Home' Army News : July 21st 2011 Contents 22 TRAINING
Army July 21, 2011
STAFF from 1 Bde have sharp-
ened their knowledge of amphibi-
ous operations with a familiarisa-
tion visit to USS Cleveland in
Docked in Darwin Harbour for
resupply during Pacific Partnership,
the USS Cleveland provided an
opportunity for the Army's heavy
brigade to get an early look at a
ship similar in design to the Largs
Bay, soon to enter service.
Brigade major Maj David
McCammon said the familiarisa-
tion visit was an important step for
"It was important to actually
walk through this ship, to see its
features, its strengths and weak-
nesses close up and begin thinking
about how we will operate with our
own new amphibious capabilities in
the coming years," he said.
The Largs Bay, due for delivery
into service next year, will be fol-
lowed by the Canberra Class LHD
amphibious assault ships in 2014,
introducing a range of challenges
and opportunities for amphibious
Commander 1 Bde Brig Gus
McLachlan said the ships would
change the way the Army deployed
the land force by sea.
Heavy brigade gets heads
up on amphibious options
"For one, the well deck in these
ships will now allow us to deploy
the complete combined arms capa-
bility, including armoured vehicles
and medium artillery," he said.
Brig McLachlan said his forma-
tion's experience gained through
the humanitarian missions in Aceh
and Padang bore out the impor-
tance of delivering aid to disaster
areas as quickly and efficiently as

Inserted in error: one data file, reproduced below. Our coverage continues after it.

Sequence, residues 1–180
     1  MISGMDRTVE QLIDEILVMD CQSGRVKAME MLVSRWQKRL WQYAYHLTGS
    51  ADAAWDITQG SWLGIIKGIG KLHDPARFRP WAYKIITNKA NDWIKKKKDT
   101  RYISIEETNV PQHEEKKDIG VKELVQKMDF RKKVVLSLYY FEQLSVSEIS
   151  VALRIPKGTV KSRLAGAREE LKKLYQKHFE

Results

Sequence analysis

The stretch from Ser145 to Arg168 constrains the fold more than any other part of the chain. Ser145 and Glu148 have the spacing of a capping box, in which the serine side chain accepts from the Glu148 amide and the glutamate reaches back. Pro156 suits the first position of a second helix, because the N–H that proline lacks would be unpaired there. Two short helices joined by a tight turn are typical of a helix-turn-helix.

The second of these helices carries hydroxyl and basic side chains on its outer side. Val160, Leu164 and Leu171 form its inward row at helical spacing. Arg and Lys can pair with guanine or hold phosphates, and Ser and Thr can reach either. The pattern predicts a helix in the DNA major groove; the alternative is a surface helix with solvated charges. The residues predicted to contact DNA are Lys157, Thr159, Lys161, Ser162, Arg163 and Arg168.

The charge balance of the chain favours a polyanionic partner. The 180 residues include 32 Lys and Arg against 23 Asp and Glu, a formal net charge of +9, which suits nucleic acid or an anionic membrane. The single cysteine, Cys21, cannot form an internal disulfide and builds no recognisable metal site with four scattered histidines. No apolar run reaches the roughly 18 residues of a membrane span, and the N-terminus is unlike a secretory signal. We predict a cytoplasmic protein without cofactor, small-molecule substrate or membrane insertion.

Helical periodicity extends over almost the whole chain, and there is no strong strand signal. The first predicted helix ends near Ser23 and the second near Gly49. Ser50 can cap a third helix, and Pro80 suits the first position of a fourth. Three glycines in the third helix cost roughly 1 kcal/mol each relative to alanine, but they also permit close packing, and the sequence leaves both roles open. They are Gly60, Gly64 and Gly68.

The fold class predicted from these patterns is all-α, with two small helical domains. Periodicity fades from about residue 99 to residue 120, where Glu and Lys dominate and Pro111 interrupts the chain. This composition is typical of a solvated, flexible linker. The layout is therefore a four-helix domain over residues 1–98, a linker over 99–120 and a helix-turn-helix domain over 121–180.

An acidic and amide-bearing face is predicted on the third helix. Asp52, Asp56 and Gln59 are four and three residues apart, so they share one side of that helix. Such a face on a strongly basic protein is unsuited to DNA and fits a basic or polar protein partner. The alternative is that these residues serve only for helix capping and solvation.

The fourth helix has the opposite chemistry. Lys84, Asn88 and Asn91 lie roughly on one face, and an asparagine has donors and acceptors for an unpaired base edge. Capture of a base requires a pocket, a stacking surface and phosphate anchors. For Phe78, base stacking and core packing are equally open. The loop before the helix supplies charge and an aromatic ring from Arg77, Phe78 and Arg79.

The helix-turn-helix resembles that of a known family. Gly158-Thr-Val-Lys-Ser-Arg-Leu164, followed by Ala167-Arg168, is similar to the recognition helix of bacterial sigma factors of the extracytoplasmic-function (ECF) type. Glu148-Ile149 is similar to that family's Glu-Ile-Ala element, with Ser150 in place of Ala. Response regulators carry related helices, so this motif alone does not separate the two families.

"The Largs Bay and the
Canberra Class ships will improve
our amphibious capability consid-
erably, but those types of opera-
tions are very complex, so the more
we learn now, the better prepared
we will be when it comes time to
mobilise again with the new ships."
Maj McCammon said the ship,
the third oldest in the US Navy's
fleet and a veteran of the Tet
Offensive, was designed primarily
with combat in mind.
"I was very interested in how
its landing craft integrated into the
rest of the ship. It was also a good
chance for 1 Armd Regt to see how
the M1A1 and smaller AFVs could
be employed from the well deck,"
The ultimate terminal test
By WO1 Phil Thamm
WOULD you put your life on the
line to pass an assessment? IET
parachute riggers did just that when
they conducted the pack/jump
phase of their rigger course.
The latest 23-week parachute rig-
ger course finished on July 15 and
trainees learnt to pack and maintain
a multitude of parachutes and aerial
delivery equipment. The course also
involves driver and forklift courses
and, finally, the Basic Parachute
Course (BPC), from which trainees
are awarded their parachute wings.
Since the rigger trade's incep-
tion more than 40 years ago, trainees
packed and jumped their own para-
chutes on their BPC. In recent years
this was discontinued as policy did
not specifically permit it, but with an
addition to the policy, the practice
resumed on the latest IET parachute
The Army School of Ordnance's
Parachute Rigger Platoon Warrant
Officer, WO2 Robert MacLachlan,
ALTC Bandiana, said all trainees were
challenged during the ground training
phase of the BPC.